House prices drop for fifth straight month: 10 places least and most vulnerable to house price crash

As house prices drop for the fifth month in a row, we reveal the 10 areas of the UK most immune to falling property prices

Keys, a small house and red price tag on turquoise background
(Image credit: Getty images)

The average house price dropped by 0.6% in January, according to the latest UK house prices index from Nationwide Building Society.

The most recent data reveals house prices have now dropped for five months in a row, with the rate of annual house price growth falling from 2.8% in December to 1.1% last month.

As a result of the fall, the average house price moved from £262,068 to £258,297.

It follows a succession of recent indices from the likes of Halifax and the Office for National Statistics which have highlighted how the value of our properties has dropped in recent months.

But prices don't drop the same everywhere. Here we reveal the areas in the UK least and most vulnerable to house price crashes and what is driving the drop in prices.

10 areas ‘immune’ to house price drops

When it comes to house prices, location is absolutely key. There are certain areas where property is always more likely to be in demand, irrespective of what’s going on with the economy generally. 

Equally, there are areas that are even more at risk from economic jerks, and where the value of homes is most at risk from recessions.

A new study from buying agent Garrington Property Finders has pinpointed the property market’s most ‘recession-proof’ areas, as well as those most likely to see a price correction in the coming months.

It based this on factors like the level of mortgage debt in the area since those who own their home outright will be less impacted by changes to interest rates. It also took into account the proportion of first-time buyers and how prices in the area have changed over the last year.

Here are the 10 property strongholds Garrington claims are least likely to see price falls in the coming year.

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AreaProportion of first-time buyersDebt to equity %Price change, year to November 2022
Kensington and Chelsea0.1%7.3%-7.1%
Hammersmith and Fulham0.5%15.3%-4.8%

Kensington and Chelsea is the most expensive in the country, with a median price of £1.4m, so it’s perhaps not a huge surprise that it is well placed to shake off any troubles this year. More than one in four homeowners in the borough own their property outright, while the overall level of mortgage debt compared to the equity held in those properties is incredibly low at just 7.3%. 

The rest of the table is made up of well-heeled areas in the capital and historic cities across the UK which are always likely to be in demand from buyers.

At the other end of the scale, these were the areas identified by Garrington as being most at risk of house price falls this year:

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AreaProportion of first-time buyersDebt to equity %Price change, year to November 2022
Barking and Dagenham5.5%18.9%9.7%
Milton Keynes8%19.7%17.4%

The housing market is still reeling after the impacts of last year’s mini-Budget. The mini-Budget was received really poorly by the financial markets, which led to expectations that the Bank of England would have to significantly increase the base rate.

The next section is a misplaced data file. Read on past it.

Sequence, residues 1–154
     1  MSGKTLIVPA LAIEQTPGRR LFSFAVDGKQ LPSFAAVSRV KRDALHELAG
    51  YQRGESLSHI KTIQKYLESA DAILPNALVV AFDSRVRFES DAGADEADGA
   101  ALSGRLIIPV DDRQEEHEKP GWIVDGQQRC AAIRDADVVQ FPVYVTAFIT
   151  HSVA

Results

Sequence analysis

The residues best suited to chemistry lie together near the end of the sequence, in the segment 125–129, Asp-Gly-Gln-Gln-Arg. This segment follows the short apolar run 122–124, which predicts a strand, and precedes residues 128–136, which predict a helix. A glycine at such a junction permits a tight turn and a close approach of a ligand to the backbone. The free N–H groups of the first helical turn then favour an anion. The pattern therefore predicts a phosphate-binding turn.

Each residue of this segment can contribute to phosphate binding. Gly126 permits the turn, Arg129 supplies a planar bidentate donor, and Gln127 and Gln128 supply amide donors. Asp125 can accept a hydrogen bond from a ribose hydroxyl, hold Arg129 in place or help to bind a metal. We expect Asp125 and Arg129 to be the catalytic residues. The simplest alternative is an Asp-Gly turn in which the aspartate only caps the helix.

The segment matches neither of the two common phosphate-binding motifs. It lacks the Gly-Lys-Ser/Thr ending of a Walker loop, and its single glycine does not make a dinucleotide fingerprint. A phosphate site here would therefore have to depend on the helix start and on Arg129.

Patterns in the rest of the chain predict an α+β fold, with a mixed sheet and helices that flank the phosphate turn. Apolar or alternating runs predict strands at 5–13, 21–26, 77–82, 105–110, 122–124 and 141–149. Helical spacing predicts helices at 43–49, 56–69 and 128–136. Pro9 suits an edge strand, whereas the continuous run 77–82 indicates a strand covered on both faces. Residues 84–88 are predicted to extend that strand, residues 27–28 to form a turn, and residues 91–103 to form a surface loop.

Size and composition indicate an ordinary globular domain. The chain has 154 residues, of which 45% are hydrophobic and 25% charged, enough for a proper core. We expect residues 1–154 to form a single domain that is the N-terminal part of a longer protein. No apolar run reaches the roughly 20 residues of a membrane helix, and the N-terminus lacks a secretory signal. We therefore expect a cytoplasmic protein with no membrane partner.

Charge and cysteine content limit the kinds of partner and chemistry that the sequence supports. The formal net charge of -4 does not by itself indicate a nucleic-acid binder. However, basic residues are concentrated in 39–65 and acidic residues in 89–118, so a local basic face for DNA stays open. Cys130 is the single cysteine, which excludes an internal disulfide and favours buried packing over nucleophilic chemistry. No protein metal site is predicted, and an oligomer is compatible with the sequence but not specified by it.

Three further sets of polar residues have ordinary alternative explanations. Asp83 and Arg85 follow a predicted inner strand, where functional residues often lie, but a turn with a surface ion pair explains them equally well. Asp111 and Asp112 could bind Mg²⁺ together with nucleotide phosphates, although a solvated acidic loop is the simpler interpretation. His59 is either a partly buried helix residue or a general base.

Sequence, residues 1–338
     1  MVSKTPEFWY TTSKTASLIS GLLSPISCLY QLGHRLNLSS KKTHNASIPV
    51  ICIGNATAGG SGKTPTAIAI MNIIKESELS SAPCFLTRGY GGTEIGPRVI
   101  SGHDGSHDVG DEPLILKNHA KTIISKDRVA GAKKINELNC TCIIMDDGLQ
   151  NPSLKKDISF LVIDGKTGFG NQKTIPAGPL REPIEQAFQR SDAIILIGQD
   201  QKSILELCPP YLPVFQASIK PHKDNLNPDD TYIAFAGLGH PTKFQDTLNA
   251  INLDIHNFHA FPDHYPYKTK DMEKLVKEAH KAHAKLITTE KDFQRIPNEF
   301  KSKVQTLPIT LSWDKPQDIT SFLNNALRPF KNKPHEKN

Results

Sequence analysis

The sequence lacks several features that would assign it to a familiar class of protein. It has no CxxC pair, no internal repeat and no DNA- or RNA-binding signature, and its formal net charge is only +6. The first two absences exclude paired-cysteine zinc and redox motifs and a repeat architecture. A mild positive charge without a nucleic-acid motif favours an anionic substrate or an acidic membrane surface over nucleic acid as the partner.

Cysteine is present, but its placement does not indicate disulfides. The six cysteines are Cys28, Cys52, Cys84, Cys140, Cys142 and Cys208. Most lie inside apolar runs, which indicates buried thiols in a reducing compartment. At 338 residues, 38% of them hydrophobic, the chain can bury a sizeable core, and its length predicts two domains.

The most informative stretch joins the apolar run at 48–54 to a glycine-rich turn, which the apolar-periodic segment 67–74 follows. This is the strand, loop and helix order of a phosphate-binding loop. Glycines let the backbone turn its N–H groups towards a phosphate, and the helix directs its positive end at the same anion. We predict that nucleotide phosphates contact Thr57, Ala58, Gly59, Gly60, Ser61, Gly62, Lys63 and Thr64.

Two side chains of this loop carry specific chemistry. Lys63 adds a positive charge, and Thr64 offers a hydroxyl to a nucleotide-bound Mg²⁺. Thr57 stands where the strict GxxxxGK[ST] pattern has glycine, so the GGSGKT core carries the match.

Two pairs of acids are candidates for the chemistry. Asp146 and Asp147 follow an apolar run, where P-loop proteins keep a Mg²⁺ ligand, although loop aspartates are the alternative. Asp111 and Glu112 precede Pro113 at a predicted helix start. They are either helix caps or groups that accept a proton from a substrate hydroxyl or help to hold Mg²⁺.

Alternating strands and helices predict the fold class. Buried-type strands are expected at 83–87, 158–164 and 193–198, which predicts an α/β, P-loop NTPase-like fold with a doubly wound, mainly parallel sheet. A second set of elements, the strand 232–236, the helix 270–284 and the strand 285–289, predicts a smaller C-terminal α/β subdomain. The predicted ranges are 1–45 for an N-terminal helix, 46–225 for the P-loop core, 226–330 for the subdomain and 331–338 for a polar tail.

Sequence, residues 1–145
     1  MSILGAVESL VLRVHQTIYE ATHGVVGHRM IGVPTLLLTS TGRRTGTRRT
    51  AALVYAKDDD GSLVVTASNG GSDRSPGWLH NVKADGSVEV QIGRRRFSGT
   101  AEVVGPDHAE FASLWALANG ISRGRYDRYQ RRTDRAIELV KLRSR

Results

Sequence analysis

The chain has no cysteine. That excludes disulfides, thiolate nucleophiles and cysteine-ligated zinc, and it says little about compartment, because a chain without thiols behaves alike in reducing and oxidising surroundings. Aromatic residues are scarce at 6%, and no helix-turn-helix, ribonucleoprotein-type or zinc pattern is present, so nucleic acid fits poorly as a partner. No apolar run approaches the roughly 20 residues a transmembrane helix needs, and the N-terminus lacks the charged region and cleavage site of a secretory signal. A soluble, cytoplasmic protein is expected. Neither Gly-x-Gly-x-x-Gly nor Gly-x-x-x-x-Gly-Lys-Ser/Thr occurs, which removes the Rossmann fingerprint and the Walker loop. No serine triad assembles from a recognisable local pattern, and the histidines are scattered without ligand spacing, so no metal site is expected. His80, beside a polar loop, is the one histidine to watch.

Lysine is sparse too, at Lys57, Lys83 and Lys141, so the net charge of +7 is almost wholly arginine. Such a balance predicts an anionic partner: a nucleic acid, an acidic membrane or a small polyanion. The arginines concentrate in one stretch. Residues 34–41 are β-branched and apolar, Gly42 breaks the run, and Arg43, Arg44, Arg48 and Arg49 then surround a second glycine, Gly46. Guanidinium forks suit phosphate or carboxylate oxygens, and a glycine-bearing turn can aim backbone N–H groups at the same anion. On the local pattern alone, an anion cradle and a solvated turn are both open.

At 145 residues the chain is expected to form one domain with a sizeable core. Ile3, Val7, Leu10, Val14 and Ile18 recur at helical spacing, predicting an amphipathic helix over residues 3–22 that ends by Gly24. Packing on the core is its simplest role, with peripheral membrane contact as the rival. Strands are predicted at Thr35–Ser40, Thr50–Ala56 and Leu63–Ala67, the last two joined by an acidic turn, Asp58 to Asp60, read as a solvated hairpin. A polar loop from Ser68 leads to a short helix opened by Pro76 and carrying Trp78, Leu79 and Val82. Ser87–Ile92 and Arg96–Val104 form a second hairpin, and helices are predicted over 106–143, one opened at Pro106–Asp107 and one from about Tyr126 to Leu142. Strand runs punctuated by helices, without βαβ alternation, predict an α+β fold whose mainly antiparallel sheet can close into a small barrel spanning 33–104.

As a result, mortgage lenders quickly pulled their entire product ranges, releasing new mortgages at much higher interest rates.

Those rate hikes meant that many people who were hoping to buy a property in the coming months changed course, instead putting any planned moves on hold, as the mortgage repayments would have been too high for them to afford.

This drop in demand has led to house prices dropping too.

As Robert Gardner, chief economist at Nationwide, put it: “The fall in house purchase approvals in December reported by the Bank of England largely reflects the sharp decline in mortgage applications following the mini-Budget.”

What will happen next with house prices?

The expectation is that house prices will continue to fall in the near term. 

Gardner points to the current general economic challenges, as well as the higher mortgage costs that potential buyers face.

“The overall affordability situation looks set to remain challenging in the near term. Saving for a deposit is proving a struggle for many given the rising cost of living, especially those in the private rented sector where rents have been rising at their strongest pace on record.

“High house prices relative to earnings mean deposit requirements remain a major challenge. Moreover, the Help To Buy equity loan scheme that helped those with a smaller deposit buy a new build property is due to end in March.”

But, it’s not all bad news for would-be buyers. The interest rates charged on new mortgages have dropped noticeably since that initial reaction to the mini-Budget. As a result, while borrowing will be more costly than it would have been a year ago, it is nonetheless cheaper than just a couple of months ago.

Karen Noye, mortgage expert at Quilter, says that while house prices have dropped for five months in a row, the downturn may not be as acute as originally predicted precisely because of those mortgage rate changes.

She explains: “Fixed rate deals are approaching 4%, which will put a strain on many households' finances, but it will not cause as widespread pain as original forecasts suggested.”

John Fitzsimons
Contributing editor

John Fitzsimons has been writing about finance since 2007, and is a former editor of Mortgage Solutions and loveMONEY. Since going freelance in 2016 he has written for publications including The Sunday Times, The Mirror, The Sun, The Daily Mail and Forbes, and is committed to helping readers make more informed decisions about their money.